Status of Reliability Education 2011


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Reliability is a engineering discipline that encompasses a broad array of tools and techniques useful for answering durability and robustness type questions. Product development teams often rely on reliability engineering professionals to guide, advise and manage reliability programs. Reliability is facet in nearly every function of an organization. This implies the knowledge and skills required for the reliability engineer is comprehensive. The knowledge breadth may span aspects of material science to design constraints to warranty reverse logistics.

How do engineers become reliability professionals? What are the knowledge transfer options available to the reliability profession. How do we get started and maintain our knowledge? In this short paper, I plan on summarizing what’s available, a couple of common paths taken to become a reliability professional, and highlight the strengths and a few weaknesses concerning reliability education. This is my view of the state of reliability education.

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Status of Reliability Education 2011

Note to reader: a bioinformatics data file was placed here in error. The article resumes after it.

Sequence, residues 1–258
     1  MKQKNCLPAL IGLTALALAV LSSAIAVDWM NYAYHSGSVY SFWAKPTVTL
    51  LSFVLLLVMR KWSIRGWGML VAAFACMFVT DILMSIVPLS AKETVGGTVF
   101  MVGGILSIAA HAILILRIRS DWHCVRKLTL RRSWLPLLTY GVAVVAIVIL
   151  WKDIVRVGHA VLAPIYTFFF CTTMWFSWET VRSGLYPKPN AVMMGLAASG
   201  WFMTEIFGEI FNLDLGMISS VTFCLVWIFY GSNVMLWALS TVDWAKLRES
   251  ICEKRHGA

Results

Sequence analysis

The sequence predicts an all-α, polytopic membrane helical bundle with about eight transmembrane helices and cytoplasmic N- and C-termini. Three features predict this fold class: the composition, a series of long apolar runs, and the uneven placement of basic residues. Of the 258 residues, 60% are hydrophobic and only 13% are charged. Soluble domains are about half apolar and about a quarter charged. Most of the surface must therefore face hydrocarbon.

1. 1. This article is part of the Reliability Society 2010 Annual Technical Report Status of Reliability Education Fred Schenkelberg Email: fms@fmsreliability.comReliability is a engineering discipline that encompasses a broad array of tools and techniquesuseful for answering durability and robustness type questions. Product development teams oftenrely on reliability engineering professionals to guide, advise and manage reliability programs.Reliability is facet in nearly every function of an organization. This implies the knowledge andskills required for the reliability engineer is comprehensive. The knowledge breadth may spanaspects of material science to design constraints to warranty reverse logistics.How do engineers become reliability professionals? What are the knowledge transfer optionsavailable to the reliability profession. How do we get started and maintain our knowledge? Inthis short paper, I plan on summarizing what‟s available, a couple of common paths taken tobecome a reliability professional, and highlight the strengths and a few weaknesses concerningreliability eduction. This is my view of the state of reliability education.What is available?Quite a bit is available actually, maybe too much, concerning tools, techniques, analysis methods,and approaches. As a profession we publish and share our knowledge. There are technicaljournals, conferences, and books, that capture knowledge in a way we can readily reference.There are seminars, local meetings, discussion groups, forums, and webinars that permit us tolisten to lectures and to discuss alternative views and options. There are formal education options,too. Universities and colleges offer seminars, workshops, courses and full degree programsrelated to reliability engineering.University programsThe University of Maryland‟s reliability programs (CALCE and Clark School of Engineering)continue to offer advance degrees in reliability engineering. University of Arizona has only a fewcourse with reliability content, since the retirement of Dr. Kececioglu and the decliningenrollment in the reliability engineering program.Other notable program include Rutgers University, University of Tennessee, Knoxville,Vanderbilt University, University of Arkansas, Arizona State and UT/Monash University.Internationally there are also advance degree programs, for example from the Indian Institute ofTechnology. Most of these programs have a particular focus, systems or quality engineering,maintenance or risk management.There are elements of reliability engineering in many engineering undergraduate programs, yetthere are not degrees, that I know about, in reliability engineering at the under graduate level.Also, many electrical, mechanical, civil, or software engineering programs may only brieflydiscuss or mention reliability as part of the program of study. More than one student has shiedaway from the statistical and probability included within reliability engineering after the initial